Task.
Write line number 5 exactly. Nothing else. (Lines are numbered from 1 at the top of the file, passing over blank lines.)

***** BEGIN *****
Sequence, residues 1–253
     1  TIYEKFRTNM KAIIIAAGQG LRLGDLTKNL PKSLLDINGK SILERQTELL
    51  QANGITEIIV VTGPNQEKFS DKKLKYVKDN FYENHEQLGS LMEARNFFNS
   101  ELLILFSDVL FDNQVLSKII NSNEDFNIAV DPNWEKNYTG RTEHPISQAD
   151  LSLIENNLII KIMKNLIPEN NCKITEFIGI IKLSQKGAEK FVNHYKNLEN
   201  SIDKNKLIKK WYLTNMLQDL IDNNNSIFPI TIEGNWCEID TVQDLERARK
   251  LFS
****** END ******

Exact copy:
   151  LSLIENNLII KIMKNLIPEN NCKITEFIGI IKLSQKGAEK FVNHYKNLEN